A series devoted to the source in situ, the contemporary historical paradigm, and ideas of history from a future perspective.
Past authors of history existed apart from their milieu, while present authors sit astride theirs. Contemporary historians do not contribute directly to the source record, but seek whatever can be reconstructed or generalized. In this it is vital to understand why the source record exists as it does. Historicity is much more than the mere truth value of a source: it is the source in situ. In recognizing the contemporary historical paradigm, there is a responsibility to consider its significance for the formation of future notions of history.
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No. 1 – Comparative Accuracy by Donald C. Jackman – viii, 107 pp. – $10.00
Comparative accuracy is a system of argumentation sharing much in common with Activity Theory. A crucial difference is that comparative accuracy is applied to situations having a plus/minus or 0/1 outcome. Applications are possible in areas where it is important to be informed of the reliability of a particular conclusion in deciding a course of action. This paper provides a neutral description suitable for transfer to other fields.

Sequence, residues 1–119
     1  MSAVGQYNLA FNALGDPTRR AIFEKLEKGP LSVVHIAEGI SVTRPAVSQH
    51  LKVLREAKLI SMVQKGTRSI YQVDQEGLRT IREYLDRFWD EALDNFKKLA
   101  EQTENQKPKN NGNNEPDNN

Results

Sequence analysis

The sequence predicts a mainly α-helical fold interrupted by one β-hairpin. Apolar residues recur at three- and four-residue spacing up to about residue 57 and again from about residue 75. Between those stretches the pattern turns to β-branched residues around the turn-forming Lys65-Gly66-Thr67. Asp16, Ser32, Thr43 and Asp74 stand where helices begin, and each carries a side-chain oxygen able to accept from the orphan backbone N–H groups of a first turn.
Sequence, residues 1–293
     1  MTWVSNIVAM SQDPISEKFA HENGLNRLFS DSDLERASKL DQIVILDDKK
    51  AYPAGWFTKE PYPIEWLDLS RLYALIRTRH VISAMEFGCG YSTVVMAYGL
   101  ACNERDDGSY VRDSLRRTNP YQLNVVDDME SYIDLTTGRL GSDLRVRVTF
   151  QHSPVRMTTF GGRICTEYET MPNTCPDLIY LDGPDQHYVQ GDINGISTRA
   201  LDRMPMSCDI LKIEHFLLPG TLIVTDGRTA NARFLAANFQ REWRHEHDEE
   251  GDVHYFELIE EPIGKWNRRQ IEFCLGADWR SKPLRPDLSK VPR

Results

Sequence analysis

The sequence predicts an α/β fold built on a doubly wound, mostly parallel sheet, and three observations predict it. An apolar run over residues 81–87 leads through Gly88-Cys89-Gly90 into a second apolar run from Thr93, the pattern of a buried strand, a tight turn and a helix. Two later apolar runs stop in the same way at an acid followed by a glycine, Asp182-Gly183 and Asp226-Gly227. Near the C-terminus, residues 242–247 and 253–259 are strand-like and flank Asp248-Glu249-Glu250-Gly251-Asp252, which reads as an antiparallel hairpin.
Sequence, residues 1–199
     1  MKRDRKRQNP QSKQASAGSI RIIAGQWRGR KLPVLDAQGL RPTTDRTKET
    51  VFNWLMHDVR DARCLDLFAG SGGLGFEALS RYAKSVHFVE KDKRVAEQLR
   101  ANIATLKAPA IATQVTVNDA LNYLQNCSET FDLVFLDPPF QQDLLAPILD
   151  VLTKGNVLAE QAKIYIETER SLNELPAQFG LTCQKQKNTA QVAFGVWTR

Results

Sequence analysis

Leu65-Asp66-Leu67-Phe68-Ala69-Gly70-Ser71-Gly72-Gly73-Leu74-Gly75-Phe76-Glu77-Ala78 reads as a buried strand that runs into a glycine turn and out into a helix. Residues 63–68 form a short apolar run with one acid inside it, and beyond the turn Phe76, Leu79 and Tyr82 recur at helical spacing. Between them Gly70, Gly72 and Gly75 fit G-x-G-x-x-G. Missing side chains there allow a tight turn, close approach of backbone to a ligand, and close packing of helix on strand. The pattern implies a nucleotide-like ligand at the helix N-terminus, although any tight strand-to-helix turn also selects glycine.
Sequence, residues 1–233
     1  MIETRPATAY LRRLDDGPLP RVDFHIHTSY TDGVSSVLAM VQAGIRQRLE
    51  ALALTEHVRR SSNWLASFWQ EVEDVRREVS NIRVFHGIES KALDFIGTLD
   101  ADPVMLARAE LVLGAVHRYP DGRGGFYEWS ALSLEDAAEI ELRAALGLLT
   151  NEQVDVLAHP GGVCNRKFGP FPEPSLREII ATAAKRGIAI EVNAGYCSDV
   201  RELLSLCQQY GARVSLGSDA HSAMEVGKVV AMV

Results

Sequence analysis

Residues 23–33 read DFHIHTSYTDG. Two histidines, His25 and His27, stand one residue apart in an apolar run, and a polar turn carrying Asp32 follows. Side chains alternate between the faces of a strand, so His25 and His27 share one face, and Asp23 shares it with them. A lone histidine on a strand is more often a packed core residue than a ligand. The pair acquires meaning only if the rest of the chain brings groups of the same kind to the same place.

Comparative accuracy was developed for handling complex inference in genealogical reconstruction of the aristocracy of the central middle ages. Specific themes discussed include: fraudulent scholarship; historicity as the motivations of authors; a well-documented marriage between second cousins existing unchallenged around 1050; King Robert I of France reliably inferred as son of Adelaide of Tours; terminological extension of ‘filius’ to grandson; the narrative and the historical method of S. V. Utechin; evidence supporting the Byzantine maternal background of Iaroslav the Wise.
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